After You is a more conventional romance than Me Before You—which is to say, it has a happy ending. But just as the painful end of Me Before You is shadowed by the almost-happy conclusion, the happiness of After You is reached only after multiple suggested tragedies.
The first of these comes right at the beginning of the novel; Louisa accidentally falls off her roof and for a moment thinks she is paralyzed, like Will before her. The parallel is very direct; Louisa’s accident is recounted in a foreword, just as Will’s is. And Louisa herself asks the paramedic if she is paralyzed. After You explicitly toys with the idea that it is the same sad story as Me Before You—and explicitly rejects it.
After You offers other wrong turns and unhappy, or mixed, endings, though. In fact, in some ways, the whole novel is a failed HEA. “Man dies, everyone learns something, moves on, creates something wonderful out of his death,” Louisa bitterly tells her grief-support group. “But that’s just a fairy-tale ending, isn’t it?” After You is about the way that the first book’s version of a happy ending failed—not just in that Will died, but in the sense that Louisa didn’t grow and change as Will, and the book’s readers, thought she would. Will’s death was supposed to leave her with a bigger life; instead, it turns out, it diminished her.
The HEA for After You is complicated, too. This is especially the case because the most resonant relationship in the novel, in many ways, is not Louisa and Sam, but Louisa and Will’s troubled teenaged daughter, Lily. Lily, deeply unhappy, is desperately in need of love. Louisa needs her in return, both for herself and in order to stay true to Will. But caring for Lily interferes with both Louisa’s job prospects and her new romance. Would caring for Lily be a sad ending? Or is being a foster mother a happy enough ending to count in a romance? “That’s life,” Sam tells her. “We don’t know what will happen. Which is why we have to take our chances while we can. And … I think this might be yours.”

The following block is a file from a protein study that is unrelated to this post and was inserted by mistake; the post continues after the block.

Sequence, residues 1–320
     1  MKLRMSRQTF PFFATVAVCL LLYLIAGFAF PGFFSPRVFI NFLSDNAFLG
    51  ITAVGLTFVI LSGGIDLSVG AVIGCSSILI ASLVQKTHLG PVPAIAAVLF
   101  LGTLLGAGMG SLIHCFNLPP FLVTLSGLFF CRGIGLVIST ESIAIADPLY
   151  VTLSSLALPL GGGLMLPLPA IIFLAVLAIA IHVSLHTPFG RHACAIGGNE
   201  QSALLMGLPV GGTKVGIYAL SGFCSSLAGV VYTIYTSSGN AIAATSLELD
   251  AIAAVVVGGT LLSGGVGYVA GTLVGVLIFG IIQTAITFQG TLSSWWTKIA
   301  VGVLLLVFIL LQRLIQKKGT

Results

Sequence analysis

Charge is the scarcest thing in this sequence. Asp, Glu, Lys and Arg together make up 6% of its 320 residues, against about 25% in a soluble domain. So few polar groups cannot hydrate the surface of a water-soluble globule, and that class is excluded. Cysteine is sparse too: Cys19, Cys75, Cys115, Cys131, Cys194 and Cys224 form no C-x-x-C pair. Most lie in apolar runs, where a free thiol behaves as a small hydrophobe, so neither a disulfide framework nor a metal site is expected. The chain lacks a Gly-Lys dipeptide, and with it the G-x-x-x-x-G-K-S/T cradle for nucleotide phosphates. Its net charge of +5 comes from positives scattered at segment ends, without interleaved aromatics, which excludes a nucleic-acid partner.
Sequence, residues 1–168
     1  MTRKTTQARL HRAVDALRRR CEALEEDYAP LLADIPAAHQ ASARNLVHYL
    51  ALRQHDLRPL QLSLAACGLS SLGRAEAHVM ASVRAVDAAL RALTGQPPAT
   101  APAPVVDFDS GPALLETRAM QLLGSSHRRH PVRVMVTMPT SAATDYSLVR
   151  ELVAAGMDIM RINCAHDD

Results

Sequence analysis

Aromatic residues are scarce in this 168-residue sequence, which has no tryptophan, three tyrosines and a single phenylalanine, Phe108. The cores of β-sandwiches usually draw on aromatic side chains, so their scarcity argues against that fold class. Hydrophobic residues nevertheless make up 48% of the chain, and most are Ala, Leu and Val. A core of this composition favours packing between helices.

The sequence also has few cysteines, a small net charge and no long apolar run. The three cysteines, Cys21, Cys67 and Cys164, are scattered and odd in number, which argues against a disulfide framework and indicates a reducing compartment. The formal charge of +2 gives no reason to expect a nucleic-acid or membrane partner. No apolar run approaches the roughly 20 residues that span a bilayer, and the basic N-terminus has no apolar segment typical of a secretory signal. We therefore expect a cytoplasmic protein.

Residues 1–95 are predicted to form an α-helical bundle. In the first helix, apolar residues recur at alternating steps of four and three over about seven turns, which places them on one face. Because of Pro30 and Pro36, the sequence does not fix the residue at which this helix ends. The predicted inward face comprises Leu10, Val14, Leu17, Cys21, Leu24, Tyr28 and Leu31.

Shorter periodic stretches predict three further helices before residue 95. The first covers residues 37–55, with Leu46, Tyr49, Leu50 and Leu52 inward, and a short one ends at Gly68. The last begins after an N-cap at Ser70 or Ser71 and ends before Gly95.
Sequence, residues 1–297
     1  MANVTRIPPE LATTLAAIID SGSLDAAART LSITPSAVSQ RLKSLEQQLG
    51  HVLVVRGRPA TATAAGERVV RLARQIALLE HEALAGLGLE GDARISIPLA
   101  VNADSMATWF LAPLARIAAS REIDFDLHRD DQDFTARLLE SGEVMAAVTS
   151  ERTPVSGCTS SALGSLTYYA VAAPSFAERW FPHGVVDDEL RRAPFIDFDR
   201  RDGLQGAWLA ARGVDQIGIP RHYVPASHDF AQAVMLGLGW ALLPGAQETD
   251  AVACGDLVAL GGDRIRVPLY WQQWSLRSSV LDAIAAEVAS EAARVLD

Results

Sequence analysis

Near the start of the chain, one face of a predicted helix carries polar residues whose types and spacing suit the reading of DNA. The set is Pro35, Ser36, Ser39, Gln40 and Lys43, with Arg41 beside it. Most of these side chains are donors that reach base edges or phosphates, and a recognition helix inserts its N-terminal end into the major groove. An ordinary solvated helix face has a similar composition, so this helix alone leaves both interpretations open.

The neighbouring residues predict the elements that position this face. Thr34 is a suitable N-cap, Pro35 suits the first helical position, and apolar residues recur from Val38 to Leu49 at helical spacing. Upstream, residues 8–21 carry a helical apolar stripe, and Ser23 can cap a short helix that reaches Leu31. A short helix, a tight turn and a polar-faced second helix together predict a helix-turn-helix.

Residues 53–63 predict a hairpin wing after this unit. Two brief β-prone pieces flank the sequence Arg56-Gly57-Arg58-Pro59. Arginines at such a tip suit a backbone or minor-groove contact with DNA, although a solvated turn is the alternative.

Which chance is Sam referring to there? Part of what’s delightful, and pointed, about Moyes’ novels is that until the end you’re not sure. After You isn’t as ruthless as Me Before You, but Moyes is a master of the wavering possibilities of good enough, and is always aware of the limits that sometimes make even good enough impossible. Her other books suggest that acute awareness of failure is linked to her sensitivity to class and working-class British life. Moyes’ 2014 romance One Plus One is a harrowing record of the drip-drip-drip slow-motion desperation of poverty, a chronicle of how life at the bottom of the class ladder is a constant reiteration of “you can do neither.” Happiness teeters over a precipice, and when it’s snatched from the edge, it’s almost a physical relief, not least because unhappiness is such a vividly presented option.
In Me Before You, and in her other romances, Moyes layers defeat over victory. But in that, she’s not somehow subverting romance. That’s what romance is.
Romance novels always have sad endings before their happy endings. There’s always a moment, or a lot more than a moment, of despair—a recognition that things could go horribly wrong, and probably did, or would. Ian McEwan’s Atonement is notorious for providing two endings, only one of them “real,” and only one with a HEA for the couple at its center. That’s supposed to make it tricky literary fiction. But really it just makes it an unusually meta romance. Everybody has imagined Romeo and Juliet happy; everyone who reads Pride and Prejudice gets through the bit where Elizabeth’s refusal of Darcy stands. And to read Me Before You is to imagine a shadow fiction next to the real fiction, where Will, instead of saying, “It’s not enough,” says, “Yes, it’s enough. I love you; let’s live.”
In fact, those happy endings and sad endings only have meaning because they exist together. The HEA (or even the happy for now) takes on moral and emotional force because it insists that happiness is deserved, in the full knowledge that it often isn’t possible. And those sad endings are heartbreaking because happiness is fully imagined, and sometimes attainable. Moyes’ novels, and romance novels in general, don’t gloss over despair, or pain, or sadness. Rather, they take happiness seriously precisely because they know heartbreak is always a possibility when you turn the page.
After You by Jojo Moyes. Pamela Dorman Books.